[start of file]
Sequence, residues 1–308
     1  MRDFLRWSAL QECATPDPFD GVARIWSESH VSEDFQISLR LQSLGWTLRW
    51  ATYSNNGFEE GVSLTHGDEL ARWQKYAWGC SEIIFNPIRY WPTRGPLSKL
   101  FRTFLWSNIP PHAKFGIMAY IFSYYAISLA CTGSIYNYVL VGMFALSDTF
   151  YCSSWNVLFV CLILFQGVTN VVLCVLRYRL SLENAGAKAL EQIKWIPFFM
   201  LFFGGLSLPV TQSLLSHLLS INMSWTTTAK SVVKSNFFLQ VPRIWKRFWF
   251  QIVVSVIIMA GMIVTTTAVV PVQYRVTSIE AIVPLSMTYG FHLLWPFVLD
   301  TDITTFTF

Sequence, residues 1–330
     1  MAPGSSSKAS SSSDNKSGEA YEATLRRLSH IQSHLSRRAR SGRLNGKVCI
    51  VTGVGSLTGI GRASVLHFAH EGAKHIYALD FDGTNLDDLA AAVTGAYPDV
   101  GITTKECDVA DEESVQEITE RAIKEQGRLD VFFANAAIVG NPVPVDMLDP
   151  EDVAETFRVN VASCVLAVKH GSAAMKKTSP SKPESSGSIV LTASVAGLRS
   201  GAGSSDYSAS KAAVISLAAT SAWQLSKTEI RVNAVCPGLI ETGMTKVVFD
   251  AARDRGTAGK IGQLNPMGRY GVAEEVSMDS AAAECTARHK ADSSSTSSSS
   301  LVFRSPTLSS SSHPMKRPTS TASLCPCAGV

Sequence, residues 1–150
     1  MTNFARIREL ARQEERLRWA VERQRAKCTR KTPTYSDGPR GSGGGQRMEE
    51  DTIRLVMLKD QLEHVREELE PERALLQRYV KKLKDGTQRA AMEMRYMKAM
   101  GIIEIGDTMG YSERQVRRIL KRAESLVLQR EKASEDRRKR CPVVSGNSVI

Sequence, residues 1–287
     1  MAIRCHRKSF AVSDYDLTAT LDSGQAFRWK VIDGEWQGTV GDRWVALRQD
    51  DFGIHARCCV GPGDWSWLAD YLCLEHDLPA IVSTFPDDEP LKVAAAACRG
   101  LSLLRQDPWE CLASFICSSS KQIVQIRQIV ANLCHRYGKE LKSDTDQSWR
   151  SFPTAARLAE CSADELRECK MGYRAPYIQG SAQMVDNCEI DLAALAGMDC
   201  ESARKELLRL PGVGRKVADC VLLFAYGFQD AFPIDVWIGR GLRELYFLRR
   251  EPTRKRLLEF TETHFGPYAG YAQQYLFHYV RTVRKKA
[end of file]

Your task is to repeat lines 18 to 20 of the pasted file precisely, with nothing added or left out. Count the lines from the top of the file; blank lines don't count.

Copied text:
     1  MTNFARIREL ARQEERLRWA VERQRAKCTR KTPTYSDGPR GSGGGQRMEE
    51  DTIRLVMLKD QLEHVREELE PERALLQRYV KKLKDGTQRA AMEMRYMKAM
   101  GIIEIGDTMG YSERQVRRIL KRAESLVLQR EKASEDRRKR CPVVSGNSVI